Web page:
Fort Worth school district leaders are taking a measured approach to criticism over their new guidelines to accommodate transgender students.
That’s in stark contrast to Texas Lt. Gov. Dan Patrick, who seems to believe that enough hysterical political bluster will push lesbian, gay, bisexual and transgender people back into the closet.
Fort Worth school trustees and top administrators, including Superintendent Kent Scribner, have held six community forums throughout the city, listening to district residents and others talk about the guidelines.
They say they’ll now ask a committee of residents and leaders from the faith, civic and LGBT communities to help determine what revisions to the guidelines are needed.
Sign Up and Save
Get six months of free digital access to the Star-Telegram
Scribner presented the guidelines to the school board on April 26. Patrick has called repeatedly for his resignation or removal.
“A school district is not a monarchy and Scribner is not a king,” Patrick said last month.
Oh, please. Hyperbole gets us nowhere.
Patrick also asked Attorney General Ken Paxton for a legal opinion on whether the guidelines violate state law and whether Scribner exceeded his authority by putting them into effect without a school board vote.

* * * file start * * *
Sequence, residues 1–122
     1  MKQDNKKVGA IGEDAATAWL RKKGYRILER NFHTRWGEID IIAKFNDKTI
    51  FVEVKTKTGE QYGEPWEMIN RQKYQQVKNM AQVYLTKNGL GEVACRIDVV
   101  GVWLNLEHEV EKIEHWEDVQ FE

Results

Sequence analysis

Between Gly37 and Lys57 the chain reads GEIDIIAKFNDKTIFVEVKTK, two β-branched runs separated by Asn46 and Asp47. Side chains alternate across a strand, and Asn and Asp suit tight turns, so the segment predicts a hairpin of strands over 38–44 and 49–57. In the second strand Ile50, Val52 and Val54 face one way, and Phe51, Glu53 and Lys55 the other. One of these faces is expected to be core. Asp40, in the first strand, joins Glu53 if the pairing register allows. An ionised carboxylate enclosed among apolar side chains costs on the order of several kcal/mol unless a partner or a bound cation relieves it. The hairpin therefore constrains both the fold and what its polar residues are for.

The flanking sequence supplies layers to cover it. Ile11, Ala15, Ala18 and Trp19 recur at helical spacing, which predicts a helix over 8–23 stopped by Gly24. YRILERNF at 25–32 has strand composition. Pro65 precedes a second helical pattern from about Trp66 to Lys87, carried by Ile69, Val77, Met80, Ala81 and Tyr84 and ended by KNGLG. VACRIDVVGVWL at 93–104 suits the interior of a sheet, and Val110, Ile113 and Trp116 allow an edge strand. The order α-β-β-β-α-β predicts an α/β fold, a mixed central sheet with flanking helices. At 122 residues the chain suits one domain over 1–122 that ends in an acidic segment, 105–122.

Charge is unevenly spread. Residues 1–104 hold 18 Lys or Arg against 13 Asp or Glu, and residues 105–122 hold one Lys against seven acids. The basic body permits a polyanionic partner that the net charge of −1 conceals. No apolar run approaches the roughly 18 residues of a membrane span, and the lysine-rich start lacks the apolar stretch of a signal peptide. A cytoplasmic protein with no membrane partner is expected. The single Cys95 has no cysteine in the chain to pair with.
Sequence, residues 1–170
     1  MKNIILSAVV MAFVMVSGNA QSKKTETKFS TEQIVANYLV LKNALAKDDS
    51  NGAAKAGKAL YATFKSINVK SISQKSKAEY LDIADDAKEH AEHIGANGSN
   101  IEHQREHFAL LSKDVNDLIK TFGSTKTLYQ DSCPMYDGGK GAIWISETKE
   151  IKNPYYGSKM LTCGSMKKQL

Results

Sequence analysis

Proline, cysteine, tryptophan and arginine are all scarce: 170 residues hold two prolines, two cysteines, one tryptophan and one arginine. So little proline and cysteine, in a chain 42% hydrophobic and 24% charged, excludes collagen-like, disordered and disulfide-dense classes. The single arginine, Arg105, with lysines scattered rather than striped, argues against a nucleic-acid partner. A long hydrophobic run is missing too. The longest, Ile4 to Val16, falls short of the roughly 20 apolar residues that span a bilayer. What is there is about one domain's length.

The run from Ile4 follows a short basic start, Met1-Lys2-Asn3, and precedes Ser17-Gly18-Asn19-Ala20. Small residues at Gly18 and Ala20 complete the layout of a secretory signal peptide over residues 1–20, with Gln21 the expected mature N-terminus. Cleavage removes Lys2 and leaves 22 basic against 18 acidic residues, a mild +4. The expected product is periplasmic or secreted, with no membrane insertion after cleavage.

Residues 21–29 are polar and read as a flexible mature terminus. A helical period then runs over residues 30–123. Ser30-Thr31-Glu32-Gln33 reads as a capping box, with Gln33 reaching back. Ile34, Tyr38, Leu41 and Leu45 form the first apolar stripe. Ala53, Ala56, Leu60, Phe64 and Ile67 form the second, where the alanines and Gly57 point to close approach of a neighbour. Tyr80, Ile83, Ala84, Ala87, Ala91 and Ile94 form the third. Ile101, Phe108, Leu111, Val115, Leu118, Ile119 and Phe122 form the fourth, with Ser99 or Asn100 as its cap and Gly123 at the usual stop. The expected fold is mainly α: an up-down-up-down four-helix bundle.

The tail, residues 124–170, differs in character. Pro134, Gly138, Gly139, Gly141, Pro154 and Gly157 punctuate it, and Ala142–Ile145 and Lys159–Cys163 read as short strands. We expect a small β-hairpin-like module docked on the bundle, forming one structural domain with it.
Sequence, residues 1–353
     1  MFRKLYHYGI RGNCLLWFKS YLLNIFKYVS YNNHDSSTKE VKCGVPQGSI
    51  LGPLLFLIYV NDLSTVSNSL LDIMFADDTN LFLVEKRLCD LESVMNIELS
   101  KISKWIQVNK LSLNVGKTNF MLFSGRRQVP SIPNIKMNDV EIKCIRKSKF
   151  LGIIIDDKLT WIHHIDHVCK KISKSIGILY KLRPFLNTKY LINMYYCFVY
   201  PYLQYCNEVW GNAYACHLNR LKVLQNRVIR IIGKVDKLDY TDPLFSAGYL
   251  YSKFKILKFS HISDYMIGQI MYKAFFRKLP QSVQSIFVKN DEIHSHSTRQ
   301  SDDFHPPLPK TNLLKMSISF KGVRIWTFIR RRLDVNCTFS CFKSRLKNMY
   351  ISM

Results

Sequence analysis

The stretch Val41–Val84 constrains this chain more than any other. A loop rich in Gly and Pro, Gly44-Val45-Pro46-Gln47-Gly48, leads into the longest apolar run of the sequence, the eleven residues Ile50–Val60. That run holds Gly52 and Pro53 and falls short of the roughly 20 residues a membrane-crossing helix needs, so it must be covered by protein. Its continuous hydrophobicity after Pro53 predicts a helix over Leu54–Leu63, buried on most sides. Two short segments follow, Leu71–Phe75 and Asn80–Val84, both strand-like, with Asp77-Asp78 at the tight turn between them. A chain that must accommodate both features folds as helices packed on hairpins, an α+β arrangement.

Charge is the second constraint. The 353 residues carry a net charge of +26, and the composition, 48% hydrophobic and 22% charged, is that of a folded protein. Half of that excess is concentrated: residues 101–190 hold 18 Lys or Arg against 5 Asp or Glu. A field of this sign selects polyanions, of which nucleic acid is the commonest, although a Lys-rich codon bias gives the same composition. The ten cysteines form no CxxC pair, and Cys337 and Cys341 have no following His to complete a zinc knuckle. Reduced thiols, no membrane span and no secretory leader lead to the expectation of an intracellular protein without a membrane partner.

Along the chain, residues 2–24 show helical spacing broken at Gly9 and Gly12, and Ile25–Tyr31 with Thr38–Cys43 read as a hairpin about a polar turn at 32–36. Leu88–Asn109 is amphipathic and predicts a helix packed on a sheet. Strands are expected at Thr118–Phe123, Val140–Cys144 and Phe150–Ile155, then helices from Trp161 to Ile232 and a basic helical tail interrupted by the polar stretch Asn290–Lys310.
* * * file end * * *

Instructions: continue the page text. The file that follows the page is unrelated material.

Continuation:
No and no, district General Council Valerie Carrillo wrote in a letter to Paxton this week.
Patrick says schools should never hide information from parents or guardians, which portions of the guidelines allow.
In fact, Carrillo’s letter points out, state law and prior attorney general opinions specify several situations in which parental access to information is limited.
Nevertheless, Carrillo wrote, the district “intends to clarify this provision of the Guidelines accordingly and may have other changes after receiving parental and community input.”
As to whether Scribner’s actions were legal and proper, both Carillo and the Texas Association of School Boards Legal Assistance Fund say they were.
“Widespread school district policy and practice reflects state law by authorizing superintendents to adopt administrative regulations, including ‘guidelines,’ and thousands of such regulations are in place around the state,” the association’s director of legal services, Joy Baskin, wrote to Paxton.
Elected school boards set policies (in 2011, Fort Worth trustees adopted a policy against discrimination on the basis of gender identity or expression), and administrators write procedures and guidelines to carry out those policies.
School board members can change those procedures and guidelines if they wish.